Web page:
The type of construction is a big factor in cast net performance. Smaller cast nets may be made from a single piece of netting, but larger cast nets are made of panels that are sewn together with horizontal or vertical seams. The panels that are added with horizontal seams have more netting than is needed at the top by the collar and it is simply gathered in. This can be a lot of netting and can be difficult to hold or uncomfortable in the hand. However, these nets are easier to make and cost significantly less.
Cast nets made from panels joined vertically are the most efficient, but are also the most expensive. They are made of 4 to 6 pie-shaped panels, cut from premium netting. This allows removing any excess netting, which makes the net less bulky, easier to hold, and helps it sink quicker by reducing resistance. The premium netting and extra labor to cut and sew the seams precisely are what increases the cost.
CAST NET COLORS:
Most cast nets are made of monofilament and monofilament comes in colors, so why not have colored cast nets? Several companies make cast nets in greens and blues and there are fishermen who believe one of these colors is critical to their ability to catch bait. They are convinced that a certain color disappears or is more natural in their water and that other colors or clear netting spooks the bait while sinking through the water.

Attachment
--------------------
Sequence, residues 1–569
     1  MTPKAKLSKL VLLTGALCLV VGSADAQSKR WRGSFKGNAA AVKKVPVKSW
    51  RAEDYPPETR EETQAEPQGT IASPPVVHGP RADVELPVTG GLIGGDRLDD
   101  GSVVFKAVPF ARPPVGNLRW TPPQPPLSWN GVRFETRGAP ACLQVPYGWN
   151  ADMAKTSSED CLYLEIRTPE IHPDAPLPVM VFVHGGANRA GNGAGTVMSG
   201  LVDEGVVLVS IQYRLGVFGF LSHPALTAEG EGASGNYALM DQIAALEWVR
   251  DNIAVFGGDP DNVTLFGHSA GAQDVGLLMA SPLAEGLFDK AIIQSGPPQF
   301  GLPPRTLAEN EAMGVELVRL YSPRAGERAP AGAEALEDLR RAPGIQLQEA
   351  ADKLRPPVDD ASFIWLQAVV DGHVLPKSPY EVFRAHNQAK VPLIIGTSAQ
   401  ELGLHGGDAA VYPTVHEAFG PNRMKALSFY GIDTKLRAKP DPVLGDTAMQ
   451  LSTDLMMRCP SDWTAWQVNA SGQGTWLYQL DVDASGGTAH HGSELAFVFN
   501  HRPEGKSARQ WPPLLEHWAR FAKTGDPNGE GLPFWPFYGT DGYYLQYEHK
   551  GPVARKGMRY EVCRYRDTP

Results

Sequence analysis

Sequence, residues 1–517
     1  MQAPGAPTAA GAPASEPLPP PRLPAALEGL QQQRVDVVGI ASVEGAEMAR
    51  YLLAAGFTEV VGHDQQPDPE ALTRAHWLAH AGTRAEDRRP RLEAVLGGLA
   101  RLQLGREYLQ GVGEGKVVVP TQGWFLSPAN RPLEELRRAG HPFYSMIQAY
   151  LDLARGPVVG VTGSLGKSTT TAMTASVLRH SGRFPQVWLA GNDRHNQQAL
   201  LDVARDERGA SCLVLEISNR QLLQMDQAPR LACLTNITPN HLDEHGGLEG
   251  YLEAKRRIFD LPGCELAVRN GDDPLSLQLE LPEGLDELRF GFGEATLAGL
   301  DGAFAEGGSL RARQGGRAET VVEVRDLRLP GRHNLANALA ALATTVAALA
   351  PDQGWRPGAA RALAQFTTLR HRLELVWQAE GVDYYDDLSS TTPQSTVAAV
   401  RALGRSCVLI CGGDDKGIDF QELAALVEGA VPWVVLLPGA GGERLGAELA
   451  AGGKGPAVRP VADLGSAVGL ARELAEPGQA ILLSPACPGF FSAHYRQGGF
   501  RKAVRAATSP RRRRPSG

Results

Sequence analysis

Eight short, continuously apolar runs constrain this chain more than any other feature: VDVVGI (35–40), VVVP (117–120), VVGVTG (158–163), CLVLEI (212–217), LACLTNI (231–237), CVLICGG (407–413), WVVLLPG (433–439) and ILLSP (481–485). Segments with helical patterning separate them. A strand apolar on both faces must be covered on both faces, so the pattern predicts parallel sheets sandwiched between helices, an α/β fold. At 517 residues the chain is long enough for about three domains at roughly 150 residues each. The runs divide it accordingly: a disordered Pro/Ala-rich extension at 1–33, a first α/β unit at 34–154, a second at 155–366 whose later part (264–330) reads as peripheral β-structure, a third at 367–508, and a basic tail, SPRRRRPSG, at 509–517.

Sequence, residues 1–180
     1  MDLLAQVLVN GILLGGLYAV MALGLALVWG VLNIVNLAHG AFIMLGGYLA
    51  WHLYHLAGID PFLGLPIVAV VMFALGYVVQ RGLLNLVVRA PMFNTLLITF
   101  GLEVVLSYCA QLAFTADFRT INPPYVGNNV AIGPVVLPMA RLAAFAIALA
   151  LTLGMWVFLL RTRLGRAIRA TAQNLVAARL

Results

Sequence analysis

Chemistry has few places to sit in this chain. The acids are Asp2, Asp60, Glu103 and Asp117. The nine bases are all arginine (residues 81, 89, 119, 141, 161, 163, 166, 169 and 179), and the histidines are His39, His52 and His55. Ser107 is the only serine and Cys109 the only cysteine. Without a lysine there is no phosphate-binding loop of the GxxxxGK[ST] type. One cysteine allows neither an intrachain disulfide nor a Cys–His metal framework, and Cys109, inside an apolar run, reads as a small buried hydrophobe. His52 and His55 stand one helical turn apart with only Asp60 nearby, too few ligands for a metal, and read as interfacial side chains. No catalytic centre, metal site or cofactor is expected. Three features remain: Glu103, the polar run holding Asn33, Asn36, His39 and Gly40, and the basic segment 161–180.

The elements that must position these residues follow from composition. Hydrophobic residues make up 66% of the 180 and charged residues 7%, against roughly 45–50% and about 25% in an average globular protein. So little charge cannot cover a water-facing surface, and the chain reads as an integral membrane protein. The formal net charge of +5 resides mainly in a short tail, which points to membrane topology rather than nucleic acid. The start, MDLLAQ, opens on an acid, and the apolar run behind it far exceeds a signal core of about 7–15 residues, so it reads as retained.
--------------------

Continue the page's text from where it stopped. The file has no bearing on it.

I don’t believe the big difference in the cast nets is actually the colors, but that the process used to add the colors removes all shine from these nets. These nets don’t flash in the air and that lets them get out over spooky baitfish and land before the bait realizes they have been thrown. They also disappear quickly sinking into deeper water, but I believe landing on spooky bait without scaring it is the primary key to their success.